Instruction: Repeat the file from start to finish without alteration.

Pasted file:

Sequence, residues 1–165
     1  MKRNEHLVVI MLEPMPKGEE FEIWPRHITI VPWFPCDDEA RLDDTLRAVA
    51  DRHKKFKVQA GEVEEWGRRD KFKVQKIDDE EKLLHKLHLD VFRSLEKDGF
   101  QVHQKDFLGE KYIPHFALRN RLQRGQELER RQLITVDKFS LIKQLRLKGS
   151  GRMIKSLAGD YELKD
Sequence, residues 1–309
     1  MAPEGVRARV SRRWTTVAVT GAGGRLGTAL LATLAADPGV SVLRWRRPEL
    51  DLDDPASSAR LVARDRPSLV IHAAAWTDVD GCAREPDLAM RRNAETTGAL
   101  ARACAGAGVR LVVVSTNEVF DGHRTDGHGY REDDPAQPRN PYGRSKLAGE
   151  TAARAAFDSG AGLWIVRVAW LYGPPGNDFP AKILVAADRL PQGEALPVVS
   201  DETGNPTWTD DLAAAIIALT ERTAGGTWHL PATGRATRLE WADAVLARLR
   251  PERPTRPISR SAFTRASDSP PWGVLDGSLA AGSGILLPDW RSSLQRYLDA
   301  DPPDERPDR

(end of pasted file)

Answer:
Sequence, residues 1–165
     1  MKRNEHLVVI MLEPMPKGEE FEIWPRHITI VPWFPCDDEA RLDDTLRAVA
    51  DRHKKFKVQA GEVEEWGRRD KFKVQKIDDE EKLLHKLHLD VFRSLEKDGF
   101  QVHQKDFLGE KYIPHFALRN RLQRGQELER RQLITVDKFS LIKQLRLKGS
   151  GRMIKSLAGD YELKD
Sequence, residues 1–309
     1  MAPEGVRARV SRRWTTVAVT GAGGRLGTAL LATLAADPGV SVLRWRRPEL
    51  DLDDPASSAR LVARDRPSLV IHAAAWTDVD GCAREPDLAM RRNAETTGAL
   101  ARACAGAGVR LVVVSTNEVF DGHRTDGHGY REDDPAQPRN PYGRSKLAGE
   151  TAARAAFDSG AGLWIVRVAW LYGPPGNDFP AKILVAADRL PQGEALPVVS
   201  DETGNPTWTD DLAAAIIALT ERTAGGTWHL PATGRATRLE WADAVLARLR
   251  PERPTRPISR SAFTRASDSP PWGVLDGSLA AGSGILLPDW RSSLQRYLDA
   301  DPPDERPDR